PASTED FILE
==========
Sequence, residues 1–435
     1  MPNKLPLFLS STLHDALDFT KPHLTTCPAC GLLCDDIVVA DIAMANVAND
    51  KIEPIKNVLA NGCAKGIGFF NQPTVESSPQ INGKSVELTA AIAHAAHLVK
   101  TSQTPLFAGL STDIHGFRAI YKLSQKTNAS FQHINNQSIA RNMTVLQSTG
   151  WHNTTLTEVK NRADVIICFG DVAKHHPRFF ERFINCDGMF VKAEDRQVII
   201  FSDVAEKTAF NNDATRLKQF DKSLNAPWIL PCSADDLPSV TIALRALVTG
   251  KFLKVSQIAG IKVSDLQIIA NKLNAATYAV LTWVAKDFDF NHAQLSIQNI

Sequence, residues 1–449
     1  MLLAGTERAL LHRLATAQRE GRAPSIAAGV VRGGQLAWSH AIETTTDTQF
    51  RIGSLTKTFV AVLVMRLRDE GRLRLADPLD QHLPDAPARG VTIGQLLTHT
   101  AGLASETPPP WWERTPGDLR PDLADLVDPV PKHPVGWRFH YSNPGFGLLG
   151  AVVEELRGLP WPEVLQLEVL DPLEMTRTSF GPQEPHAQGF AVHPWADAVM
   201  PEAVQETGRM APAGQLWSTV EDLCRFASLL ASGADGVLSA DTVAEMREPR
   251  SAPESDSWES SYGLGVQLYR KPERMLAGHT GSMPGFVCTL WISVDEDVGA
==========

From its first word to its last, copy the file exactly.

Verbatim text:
Sequence, residues 1–435
     1  MPNKLPLFLS STLHDALDFT KPHLTTCPAC GLLCDDIVVA DIAMANVAND
    51  KIEPIKNVLA NGCAKGIGFF NQPTVESSPQ INGKSVELTA AIAHAAHLVK
   101  TSQTPLFAGL STDIHGFRAI YKLSQKTNAS FQHINNQSIA RNMTVLQSTG
   151  WHNTTLTEVK NRADVIICFG DVAKHHPRFF ERFINCDGMF VKAEDRQVII
   201  FSDVAEKTAF NNDATRLKQF DKSLNAPWIL PCSADDLPSV TIALRALVTG
   251  KFLKVSQIAG IKVSDLQIIA NKLNAATYAV LTWVAKDFDF NHAQLSIQNI

Sequence, residues 1–449
     1  MLLAGTERAL LHRLATAQRE GRAPSIAAGV VRGGQLAWSH AIETTTDTQF
    51  RIGSLTKTFV AVLVMRLRDE GRLRLADPLD QHLPDAPARG VTIGQLLTHT
   101  AGLASETPPP WWERTPGDLR PDLADLVDPV PKHPVGWRFH YSNPGFGLLG
   151  AVVEELRGLP WPEVLQLEVL DPLEMTRTSF GPQEPHAQGF AVHPWADAVM
   201  PEAVQETGRM APAGQLWSTV EDLCRFASLL ASGADGVLSA DTVAEMREPR
   251  SAPESDSWES SYGLGVQLYR KPERMLAGHT GSMPGFVCTL WISVDEDVGA